Regarding getting started, Anthony Myint responded first (Tamara calling him the godfather of the street scene as he started in a taco truck and has since "graduated" to cooking meals twice a week in an actual kitchen). Anthony mentioned he was simply looking for something to do in his free time, and eventually he grew out of the taco truck. It was more about logistics than anything. Brian, the Magic Curry Man, originally opened to make a little extra cash and do something besides his day job as a psychotherapist. He'd traveled a great deal in Asia and noticed San Francisco was really missing street food, so he modeled his cart after one he'd seen in Bangkok. He practiced cooking for friends and scored an old cart from Burning Man. Once people started tweeting about it, the business grew exponentially.
Brian of @Magiccurrycart and Steven Gbdula of @GobbaGobbaHey
Steven moved to San Francisco exactly one year ago Friday and like Brian, noticed a lack of street food in the city, but more specifically, a lack of the beloved gob. He figured, "I can make these, but it's the Bay Area so I'm going to have to raise my game a little." And that he did, with gobs selling out frequently and admirers obsessively following his tweets. On the flip side, Charles Phan discussed how he originally wanted to open a street cart, but was so overwhelmed by the permit requirements and code restrictions that he was driven to open a "brick and mortar."
Most vendors seemed to have a good sense of humor about the permit requirements and legal restrictions. Steven mentioned that he started with more of a tray than a cart and just walked around the Mission selling his gobs. When he'd see a police presence, he'd duck into doorways whistling inconspicuously. Since then, he's gone "more legitimate," baking in a commercial kitchen and wrapping and sealing his products before they hit the street. Brian mentioned that generally the cops are more concerned with noise or folks lined up blocking the streets.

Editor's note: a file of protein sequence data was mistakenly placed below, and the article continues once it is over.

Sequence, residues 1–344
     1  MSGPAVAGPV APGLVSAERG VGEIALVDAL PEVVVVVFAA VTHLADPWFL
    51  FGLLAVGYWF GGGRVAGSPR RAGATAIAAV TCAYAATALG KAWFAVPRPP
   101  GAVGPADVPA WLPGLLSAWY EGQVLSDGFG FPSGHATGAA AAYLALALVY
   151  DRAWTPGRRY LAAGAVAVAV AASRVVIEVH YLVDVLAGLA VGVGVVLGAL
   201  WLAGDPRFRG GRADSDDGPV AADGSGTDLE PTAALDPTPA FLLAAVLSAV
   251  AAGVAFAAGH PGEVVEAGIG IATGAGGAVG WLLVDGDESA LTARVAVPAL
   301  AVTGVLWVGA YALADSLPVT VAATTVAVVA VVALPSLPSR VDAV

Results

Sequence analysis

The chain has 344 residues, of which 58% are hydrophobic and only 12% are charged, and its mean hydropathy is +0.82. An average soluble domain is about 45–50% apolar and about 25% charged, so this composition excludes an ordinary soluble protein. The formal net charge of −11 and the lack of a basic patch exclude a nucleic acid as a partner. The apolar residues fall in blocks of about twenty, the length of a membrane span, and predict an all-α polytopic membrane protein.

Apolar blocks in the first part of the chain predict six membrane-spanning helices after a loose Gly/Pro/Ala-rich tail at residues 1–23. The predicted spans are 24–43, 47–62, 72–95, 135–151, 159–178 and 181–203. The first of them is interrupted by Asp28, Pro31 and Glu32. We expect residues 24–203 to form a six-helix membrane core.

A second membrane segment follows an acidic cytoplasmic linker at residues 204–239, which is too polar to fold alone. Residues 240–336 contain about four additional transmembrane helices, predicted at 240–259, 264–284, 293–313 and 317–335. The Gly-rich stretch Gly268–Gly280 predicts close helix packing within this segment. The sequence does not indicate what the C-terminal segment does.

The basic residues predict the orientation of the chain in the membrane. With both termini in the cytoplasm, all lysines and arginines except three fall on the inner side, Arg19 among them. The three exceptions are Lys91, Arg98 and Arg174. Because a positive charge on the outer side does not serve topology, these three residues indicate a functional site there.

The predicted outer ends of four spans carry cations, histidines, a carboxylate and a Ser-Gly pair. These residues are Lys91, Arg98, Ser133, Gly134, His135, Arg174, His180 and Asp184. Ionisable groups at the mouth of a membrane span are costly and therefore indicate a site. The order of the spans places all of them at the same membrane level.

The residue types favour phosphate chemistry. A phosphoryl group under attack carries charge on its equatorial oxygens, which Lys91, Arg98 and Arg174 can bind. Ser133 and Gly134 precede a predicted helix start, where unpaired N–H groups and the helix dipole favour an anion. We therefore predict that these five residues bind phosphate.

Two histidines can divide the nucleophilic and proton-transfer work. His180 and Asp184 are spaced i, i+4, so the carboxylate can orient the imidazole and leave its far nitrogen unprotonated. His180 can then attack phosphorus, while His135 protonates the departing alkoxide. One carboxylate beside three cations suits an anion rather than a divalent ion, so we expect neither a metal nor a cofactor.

Neither noise nor street obstructions were a factor at the post-panel street food gathering. The vendors set up in the modern art gallery with people packed in, trying to get their favorite street morsel before the next guy in line.
Post-event food tasting at 111 Minna
The vendors were borrowing kitchen tools and towels from one another and cracking jokes across the room. They all know one another and genuinely seem to care about their mutual success. One of Smitten Ice Cream's recent tweets reads: @@BikeBasketPies and @SmittenIceCream are teaming up today -- treat yourself to "a-la-mode" at Secret Alley (Capp btw 17th & 18th) 2 - 5 PM.. Robyn Sue, of newly formed Smitten Ice Cream explains how important collaboration is and how supportive and helpful the community has been in showing her the ropes.
Robyn Sue and "Kelvin" of @SmittenIceCream
My favorite sample was Robyn's ice cream. The salted caramel was churned out by her trusty (self-designed) machine, "Kelvin." Robyn spent a year constructing Kelvin, who debuted on the streets of San Francisco about a month ago. The bacon potato chips always make me happy, and the pumpkin pie with chocolate chips at Bike Basket Pies made me ponder switching up our family's Thanksgiving pie this year. The ginger cookies from Sweet Constructions were crispy and delightful--and of course, that crème brulee.
So while the presence of carts may wane a bit in the coming rainy months, and while some vendors may eventually tweak their business model to become more "legit," one thing will remain the same: these folks are taking something they genuinely love doing and trying to make a go of it--together. But everything good must evolve, and when asked about their future plans, it was clear this would certainly be the case.
Brian mentioned that Friday is the last day at his "real job" as he's getting laid off. He said he'll definitely be focusing on the cart more and has some ideas for expansion. While making the curry to order in front of folks is undeniably part of the charm, he is thinking about how to be more legitimate (with permits and the like). He's also interested in focusing on nutrition for lower income families. Anthony wants to open a charitable business or a chain based on the Mission Street Food model. Steven has some plans regarding new products, selling gobs on the popular website Foodzie and possibly moving into a retail space. And Charles Phan smiled, stating "I still want to build a cart. I salvaged a 60 foot trailer home and it's sitting in my yard...waiting."